Mechanical allodynia was quantified by 50% paw withdrawal in responses to mechanical stimulations from von Frey filaments using the up-down method [13]. Briefly, rats were habituated for 15 min in a plexiglass chamber with a metal mesh floor. The von Frey filament was applied for 4 seconds to the midplantar surface of the rat left hind paw. Positive response was recorded when paw lifting or licking was observed. Paw withdrawals induced by body movements were not counted as positive reactions. A series of 8 von Frey filaments with forces 1.0, 1.4, 2.0, 4.0, 6.0, 8.0, 10.0, and 15.0 g were used. First, a filament with 2.0 g force was applied. Then, a filament with the next weaker force was tested if there was a positive response, whereas a filament with the next stronger force was tested if there was a negative response. These tests were continued with progressively increasing or decreasing forces until there was a response different from the previous test. Every filament with different forces was tested 5 times with a 30-second interval. The number of positive responses for each filament tested was recorded. If the positive responses were no less than 3 times in these 5 stimulations, a positive rate for maximal force was calculated as the percentage of positive response. If the positive responses were less than 3 times, the positive rate for minimal force was calculated. Fifty percent paw withdrawal threshold was calculated as . Fifty percent paw withdrawal threshold was recorded as 15.0 g or 1.0 g if more than 15 g or less than 1.0 g was required to induce a positive response.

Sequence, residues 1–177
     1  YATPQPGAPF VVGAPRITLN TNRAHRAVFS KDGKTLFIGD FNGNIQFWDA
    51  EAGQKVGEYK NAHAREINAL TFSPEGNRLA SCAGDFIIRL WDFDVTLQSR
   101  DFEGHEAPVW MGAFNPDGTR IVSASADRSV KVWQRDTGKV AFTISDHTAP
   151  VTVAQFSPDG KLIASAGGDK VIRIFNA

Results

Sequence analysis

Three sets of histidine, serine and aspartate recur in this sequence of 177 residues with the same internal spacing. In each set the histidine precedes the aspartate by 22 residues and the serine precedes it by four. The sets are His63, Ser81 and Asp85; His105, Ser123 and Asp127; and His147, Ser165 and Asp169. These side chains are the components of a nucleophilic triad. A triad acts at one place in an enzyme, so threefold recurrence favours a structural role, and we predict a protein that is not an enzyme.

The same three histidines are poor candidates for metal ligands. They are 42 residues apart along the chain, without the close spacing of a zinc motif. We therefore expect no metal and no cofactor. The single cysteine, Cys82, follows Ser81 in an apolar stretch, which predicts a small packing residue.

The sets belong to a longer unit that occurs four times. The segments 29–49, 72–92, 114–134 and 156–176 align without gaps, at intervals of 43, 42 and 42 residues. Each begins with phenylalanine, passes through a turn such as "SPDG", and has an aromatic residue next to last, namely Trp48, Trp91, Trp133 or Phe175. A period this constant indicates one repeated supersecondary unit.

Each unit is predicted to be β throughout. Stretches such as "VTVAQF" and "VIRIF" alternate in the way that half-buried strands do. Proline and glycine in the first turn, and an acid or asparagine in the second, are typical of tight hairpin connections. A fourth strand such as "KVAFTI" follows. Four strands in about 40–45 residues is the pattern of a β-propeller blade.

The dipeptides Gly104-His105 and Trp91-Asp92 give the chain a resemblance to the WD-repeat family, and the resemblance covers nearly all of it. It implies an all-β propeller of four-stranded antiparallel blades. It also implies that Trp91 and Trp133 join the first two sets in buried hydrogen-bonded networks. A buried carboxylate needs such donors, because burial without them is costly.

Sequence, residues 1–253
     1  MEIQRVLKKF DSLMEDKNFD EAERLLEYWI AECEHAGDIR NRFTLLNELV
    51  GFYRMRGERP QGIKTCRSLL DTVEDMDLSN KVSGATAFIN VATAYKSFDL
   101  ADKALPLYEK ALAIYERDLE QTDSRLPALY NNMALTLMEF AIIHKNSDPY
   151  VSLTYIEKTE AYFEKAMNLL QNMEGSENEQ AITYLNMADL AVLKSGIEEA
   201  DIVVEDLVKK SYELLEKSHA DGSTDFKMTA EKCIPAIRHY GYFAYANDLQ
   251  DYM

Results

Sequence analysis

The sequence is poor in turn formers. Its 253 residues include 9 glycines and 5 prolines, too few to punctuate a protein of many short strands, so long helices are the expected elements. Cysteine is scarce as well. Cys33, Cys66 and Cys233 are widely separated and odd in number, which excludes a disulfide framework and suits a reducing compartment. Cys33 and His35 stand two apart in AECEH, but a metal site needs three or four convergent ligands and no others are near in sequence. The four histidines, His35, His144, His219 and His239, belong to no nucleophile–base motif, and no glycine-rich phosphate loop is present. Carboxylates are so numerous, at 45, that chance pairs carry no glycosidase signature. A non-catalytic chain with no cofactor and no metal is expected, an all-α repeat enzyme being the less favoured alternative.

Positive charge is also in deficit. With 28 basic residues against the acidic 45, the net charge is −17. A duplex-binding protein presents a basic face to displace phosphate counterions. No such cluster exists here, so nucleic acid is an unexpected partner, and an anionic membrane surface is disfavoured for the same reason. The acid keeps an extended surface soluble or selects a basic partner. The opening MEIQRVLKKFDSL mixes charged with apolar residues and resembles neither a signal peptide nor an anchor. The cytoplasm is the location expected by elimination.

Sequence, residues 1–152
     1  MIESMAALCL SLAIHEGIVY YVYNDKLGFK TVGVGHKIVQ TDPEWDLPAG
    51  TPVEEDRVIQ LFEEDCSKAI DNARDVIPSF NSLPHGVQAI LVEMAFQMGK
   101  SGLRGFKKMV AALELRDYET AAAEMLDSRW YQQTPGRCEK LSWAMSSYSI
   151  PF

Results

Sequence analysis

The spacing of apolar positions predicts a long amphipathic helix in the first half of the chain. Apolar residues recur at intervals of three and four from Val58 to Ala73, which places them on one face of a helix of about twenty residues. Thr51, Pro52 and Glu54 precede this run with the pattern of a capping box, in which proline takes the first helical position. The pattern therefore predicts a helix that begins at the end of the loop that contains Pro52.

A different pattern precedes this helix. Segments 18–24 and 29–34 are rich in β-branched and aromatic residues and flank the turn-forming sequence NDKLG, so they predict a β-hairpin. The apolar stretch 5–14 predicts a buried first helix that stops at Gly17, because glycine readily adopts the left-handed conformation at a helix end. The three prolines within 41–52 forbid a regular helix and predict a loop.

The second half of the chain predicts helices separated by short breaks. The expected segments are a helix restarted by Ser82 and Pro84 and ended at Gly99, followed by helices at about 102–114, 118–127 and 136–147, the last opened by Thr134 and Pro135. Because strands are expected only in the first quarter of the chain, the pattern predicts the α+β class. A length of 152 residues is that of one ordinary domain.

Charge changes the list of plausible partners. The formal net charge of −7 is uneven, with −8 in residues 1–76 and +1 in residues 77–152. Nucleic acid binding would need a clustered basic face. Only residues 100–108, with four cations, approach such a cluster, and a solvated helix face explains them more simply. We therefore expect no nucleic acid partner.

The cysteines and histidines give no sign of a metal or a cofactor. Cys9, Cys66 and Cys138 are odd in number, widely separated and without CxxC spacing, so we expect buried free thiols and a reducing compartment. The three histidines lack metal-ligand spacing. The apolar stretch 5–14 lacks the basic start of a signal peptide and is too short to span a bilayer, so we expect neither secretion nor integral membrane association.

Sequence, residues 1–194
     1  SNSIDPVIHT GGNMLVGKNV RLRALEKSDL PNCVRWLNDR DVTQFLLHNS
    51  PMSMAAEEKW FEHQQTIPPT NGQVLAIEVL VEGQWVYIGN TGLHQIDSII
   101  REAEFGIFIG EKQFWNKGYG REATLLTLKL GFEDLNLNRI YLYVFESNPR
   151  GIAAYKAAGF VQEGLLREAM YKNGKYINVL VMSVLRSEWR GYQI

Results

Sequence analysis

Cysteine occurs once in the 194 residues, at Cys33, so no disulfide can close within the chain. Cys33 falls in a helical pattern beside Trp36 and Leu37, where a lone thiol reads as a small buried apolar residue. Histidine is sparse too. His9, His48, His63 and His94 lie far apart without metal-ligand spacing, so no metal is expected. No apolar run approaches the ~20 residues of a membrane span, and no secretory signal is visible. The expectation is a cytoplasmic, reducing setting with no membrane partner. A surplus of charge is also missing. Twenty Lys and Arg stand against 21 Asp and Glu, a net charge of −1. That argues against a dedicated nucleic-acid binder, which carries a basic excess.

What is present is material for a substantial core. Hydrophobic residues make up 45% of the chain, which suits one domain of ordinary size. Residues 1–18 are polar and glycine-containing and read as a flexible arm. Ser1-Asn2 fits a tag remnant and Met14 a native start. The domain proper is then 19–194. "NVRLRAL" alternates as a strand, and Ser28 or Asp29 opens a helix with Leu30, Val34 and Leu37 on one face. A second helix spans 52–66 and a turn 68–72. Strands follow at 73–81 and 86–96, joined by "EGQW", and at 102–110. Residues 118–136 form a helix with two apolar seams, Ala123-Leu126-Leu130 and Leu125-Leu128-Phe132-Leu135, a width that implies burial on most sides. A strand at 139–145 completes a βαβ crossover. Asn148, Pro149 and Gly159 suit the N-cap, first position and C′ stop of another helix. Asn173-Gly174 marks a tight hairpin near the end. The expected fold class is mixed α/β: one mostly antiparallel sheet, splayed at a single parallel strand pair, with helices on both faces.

2.4. Measurement of Thermal Hyperalgesia

Rat responses to cold stimulations were tested by placing rats on a cold plate with a temperature . After rat exploratory activities ceased in 5 min, the number of paw withdrawal in 5 min was recorded by an inspector unknown to rat group assignment. Paw withdrawals due to body activities or movements were not recorded.